An international team of scientists, which included representatives of St Petersburg University, has discovered an unknown side of the ecology of leeches. The researchers found out that a whole group of these annelids chooses not mammals as hosts, but freshwater mussels (Unionidae) – large bivalve molluscs.
Research findings have been published in a journal by Nature – Scientific Reports publishing group.
Using molecular genetic and morphological methods, the scientists studied data on 1334 leeches collected over the past 20 years. A detailed analysis revealed that there is a special ecological group of leeches that has adapted to inhabit the mantle cavity of the mussels. These annelids were found in molluscs all over their natural habitat: in waterbodies of North America, the Far East, Southeast Asia and Africa.
Interpretation of nucleic acid sequences made it possible to draw conclusions about the history of the relationship between leeches and their hosts. The scientists constructed a model for the evolution of leeches based on the calibration of fossils. These included an ancient leech cocoon – aged about 220 million years – found in the ice of Antarctica. The data obtained suggest that leeches are an ancient group that evolves extremely slowly. Based on the calculations, it was possible to assume that leeches moved toward parasitism on unionides 15–20 million years ago. Interestingly, capturing freshwater mussels as hosts occurred at least three times in three different groups of leeches during their evolutionary history.
‘Inhabiting mussels is a beneficial evolutionary strategy. Predacious insects and fish prey on leeches, so the shell becomes a good refuge and habitat. All in all, we have counted 12 types of leeches in the world, which in their development are closely related to freshwater mussels and spend most of their life in their mantle cavity. The leech leaves its host only when it wants to accumulate fish blood, which is richer in nutrients and which it stores in a special crop. It can then lay its eggs when it returns to the freshwater mussels,’ said Ivan Bolotov, the team leader, Director of the Federal Centre for Integrated Arctic Research of the Russian Academy of Sciences (Arkhangelsk) and a corresponding member of the Russian Academy of Sciences.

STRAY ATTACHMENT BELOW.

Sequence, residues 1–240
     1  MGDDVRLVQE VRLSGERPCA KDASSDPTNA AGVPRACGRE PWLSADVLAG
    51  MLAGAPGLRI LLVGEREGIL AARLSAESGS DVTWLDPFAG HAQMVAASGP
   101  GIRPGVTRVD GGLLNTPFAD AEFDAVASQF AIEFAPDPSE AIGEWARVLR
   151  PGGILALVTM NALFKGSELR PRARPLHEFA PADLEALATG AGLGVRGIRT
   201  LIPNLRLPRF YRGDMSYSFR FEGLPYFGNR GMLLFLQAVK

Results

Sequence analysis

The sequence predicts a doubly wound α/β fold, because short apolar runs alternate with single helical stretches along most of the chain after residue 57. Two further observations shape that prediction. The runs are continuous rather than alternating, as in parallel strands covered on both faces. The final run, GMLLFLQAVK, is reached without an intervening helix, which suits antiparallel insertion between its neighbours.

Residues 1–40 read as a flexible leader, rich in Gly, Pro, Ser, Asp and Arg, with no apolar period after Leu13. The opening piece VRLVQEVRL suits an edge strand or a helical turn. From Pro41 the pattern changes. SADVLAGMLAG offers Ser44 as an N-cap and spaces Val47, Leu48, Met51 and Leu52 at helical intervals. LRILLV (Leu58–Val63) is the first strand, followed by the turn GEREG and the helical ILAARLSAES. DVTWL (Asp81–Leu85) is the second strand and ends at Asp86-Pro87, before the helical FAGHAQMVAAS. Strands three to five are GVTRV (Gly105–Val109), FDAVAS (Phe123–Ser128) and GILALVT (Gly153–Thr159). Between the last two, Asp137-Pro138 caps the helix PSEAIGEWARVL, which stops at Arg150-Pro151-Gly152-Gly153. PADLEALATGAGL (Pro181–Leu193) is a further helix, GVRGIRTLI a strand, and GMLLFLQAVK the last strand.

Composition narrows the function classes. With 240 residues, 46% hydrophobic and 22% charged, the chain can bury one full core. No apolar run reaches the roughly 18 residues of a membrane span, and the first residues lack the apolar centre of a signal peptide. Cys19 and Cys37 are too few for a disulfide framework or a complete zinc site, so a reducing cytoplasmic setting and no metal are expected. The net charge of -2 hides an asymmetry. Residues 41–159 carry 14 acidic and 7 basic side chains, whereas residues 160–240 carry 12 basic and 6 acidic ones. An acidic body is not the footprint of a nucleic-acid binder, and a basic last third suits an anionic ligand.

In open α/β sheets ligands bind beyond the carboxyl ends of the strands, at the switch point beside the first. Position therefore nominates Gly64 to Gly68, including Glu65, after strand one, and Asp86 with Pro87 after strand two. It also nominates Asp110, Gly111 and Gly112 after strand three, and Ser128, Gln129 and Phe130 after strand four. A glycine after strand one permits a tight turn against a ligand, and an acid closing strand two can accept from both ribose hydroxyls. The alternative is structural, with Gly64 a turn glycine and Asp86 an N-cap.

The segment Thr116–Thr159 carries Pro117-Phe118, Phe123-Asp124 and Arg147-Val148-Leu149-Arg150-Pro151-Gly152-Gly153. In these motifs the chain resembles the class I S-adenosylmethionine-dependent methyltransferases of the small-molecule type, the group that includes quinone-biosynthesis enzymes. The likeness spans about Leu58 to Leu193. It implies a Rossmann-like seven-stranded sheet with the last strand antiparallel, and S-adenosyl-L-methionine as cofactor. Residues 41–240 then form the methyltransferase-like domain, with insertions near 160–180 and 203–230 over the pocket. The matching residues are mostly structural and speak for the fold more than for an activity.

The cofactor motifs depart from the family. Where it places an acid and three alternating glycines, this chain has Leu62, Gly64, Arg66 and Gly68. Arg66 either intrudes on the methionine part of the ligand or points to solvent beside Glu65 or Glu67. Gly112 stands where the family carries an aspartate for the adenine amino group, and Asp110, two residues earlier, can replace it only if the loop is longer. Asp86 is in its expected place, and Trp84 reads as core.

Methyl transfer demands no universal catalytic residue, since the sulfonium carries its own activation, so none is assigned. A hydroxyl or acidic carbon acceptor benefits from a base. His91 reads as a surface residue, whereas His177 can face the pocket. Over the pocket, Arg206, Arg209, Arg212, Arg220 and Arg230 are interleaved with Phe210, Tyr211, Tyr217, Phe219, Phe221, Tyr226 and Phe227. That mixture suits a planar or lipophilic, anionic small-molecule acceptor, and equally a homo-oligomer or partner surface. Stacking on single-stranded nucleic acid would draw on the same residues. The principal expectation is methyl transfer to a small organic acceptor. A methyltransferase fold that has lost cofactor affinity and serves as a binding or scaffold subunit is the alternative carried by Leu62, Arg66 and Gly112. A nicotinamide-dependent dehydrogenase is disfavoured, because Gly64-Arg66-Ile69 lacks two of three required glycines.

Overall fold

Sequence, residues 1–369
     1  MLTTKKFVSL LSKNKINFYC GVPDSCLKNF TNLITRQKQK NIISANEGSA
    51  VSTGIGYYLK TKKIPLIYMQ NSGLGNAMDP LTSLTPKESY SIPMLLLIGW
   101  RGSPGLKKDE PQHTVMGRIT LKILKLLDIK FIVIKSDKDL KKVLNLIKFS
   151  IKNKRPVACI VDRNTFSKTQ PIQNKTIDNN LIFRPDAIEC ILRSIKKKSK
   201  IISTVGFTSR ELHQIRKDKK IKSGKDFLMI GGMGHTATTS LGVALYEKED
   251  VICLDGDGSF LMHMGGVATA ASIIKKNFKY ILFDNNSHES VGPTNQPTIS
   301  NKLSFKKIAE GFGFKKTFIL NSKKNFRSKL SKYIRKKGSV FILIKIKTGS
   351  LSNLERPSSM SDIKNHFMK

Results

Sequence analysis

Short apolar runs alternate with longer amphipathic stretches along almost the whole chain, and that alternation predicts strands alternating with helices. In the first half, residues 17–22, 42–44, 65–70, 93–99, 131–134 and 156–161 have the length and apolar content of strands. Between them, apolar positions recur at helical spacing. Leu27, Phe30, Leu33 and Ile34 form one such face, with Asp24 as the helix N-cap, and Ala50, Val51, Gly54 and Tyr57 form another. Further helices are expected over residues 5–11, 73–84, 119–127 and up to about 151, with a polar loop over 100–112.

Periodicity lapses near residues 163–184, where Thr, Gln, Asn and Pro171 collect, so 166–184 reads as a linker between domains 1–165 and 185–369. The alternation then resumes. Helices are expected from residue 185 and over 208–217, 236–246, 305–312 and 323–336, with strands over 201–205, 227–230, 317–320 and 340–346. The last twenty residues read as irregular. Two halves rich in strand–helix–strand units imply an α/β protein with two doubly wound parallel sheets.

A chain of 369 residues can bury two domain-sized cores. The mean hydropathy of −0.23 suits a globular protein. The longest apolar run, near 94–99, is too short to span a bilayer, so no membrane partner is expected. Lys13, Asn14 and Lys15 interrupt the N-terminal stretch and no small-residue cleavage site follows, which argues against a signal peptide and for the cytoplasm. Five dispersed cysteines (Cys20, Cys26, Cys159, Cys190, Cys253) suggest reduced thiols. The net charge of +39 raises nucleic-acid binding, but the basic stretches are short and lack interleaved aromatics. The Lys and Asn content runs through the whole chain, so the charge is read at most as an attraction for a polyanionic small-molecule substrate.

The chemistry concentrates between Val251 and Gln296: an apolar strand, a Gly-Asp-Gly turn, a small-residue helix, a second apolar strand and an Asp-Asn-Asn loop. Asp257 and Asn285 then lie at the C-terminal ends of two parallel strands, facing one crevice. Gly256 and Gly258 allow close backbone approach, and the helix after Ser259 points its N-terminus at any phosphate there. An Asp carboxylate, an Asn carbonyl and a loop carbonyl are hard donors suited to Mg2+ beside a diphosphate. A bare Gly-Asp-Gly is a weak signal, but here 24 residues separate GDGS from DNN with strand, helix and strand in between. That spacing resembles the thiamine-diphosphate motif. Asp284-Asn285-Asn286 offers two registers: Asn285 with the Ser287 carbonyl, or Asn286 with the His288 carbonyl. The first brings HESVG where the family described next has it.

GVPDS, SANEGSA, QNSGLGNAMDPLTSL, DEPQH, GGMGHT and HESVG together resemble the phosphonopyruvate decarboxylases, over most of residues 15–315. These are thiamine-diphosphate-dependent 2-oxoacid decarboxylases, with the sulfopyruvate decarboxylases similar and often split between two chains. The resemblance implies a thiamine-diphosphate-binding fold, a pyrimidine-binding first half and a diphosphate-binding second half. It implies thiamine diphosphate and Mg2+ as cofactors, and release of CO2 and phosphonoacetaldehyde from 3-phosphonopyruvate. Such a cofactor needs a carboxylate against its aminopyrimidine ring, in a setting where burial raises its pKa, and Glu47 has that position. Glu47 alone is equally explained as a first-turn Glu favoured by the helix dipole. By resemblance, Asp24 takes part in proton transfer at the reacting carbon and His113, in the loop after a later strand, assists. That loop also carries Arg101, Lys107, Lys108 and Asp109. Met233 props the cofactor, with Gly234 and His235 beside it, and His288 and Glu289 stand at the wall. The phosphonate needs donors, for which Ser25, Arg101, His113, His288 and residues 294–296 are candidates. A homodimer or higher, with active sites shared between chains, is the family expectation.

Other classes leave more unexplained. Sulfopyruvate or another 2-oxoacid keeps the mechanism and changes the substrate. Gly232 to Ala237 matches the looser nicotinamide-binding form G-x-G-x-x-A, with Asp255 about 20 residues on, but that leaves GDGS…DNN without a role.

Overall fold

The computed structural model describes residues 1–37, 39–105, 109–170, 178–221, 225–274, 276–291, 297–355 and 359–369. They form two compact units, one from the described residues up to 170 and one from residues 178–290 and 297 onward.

Due to their small size and lack of interest from zoologists, most species of these leeches were unknown to science. The scientists described seven new species of these animals. However, they are sure that the number of parasite species could be much larger. Leeches that use mussels as hosts have not been found in the waterbodies of Europe and the Middle East.
The intensity of infestation of mussels with leeches in various regions of the world was also determined. The highest percentage of infestation was recorded in East Asia (the Russian Far East, South Korea, and Japan). Southeast Asia is in second place; and Africa occupies third place.
The study of the complex relationship between leeches and freshwater mussels also raises new environmental challenges.
Unionida are one of the most threatened groups of freshwater mussels. They are an important link in the system of natural self-purification of waterbodies. Reducing their numbers can lead to disruption of the system. Therefore, zoologists around the world are currently paying much attention to factors that threaten the well-being of freshwater mussels such as: anthropogenic contamination of water bodies; global warming; and changes in the hydrological regime.
Doctor of Biology Maxim Vinarski, a research participant, Head of the Laboratory of Macroecology and Biogeography of Invertebrates, St Petersburg University
According to Ivan Bolotov, climate warming can lead to an increase in the number of leeches inhabiting freshwater mussels, which will lead to their extinction in different regions of the world, including in Russia. The data obtained are the basis for further research. This will make it possible: to better assess the scale of interaction in the ‘freshwater mussel – leech’ system; and to understand how serious is the threat that leeches pose for the well-being of the freshwater mussel populations.
The research headed by Professor Maxim Vinarski was partly supported by a grant from the Russian Science Foundation No 19–14–00066.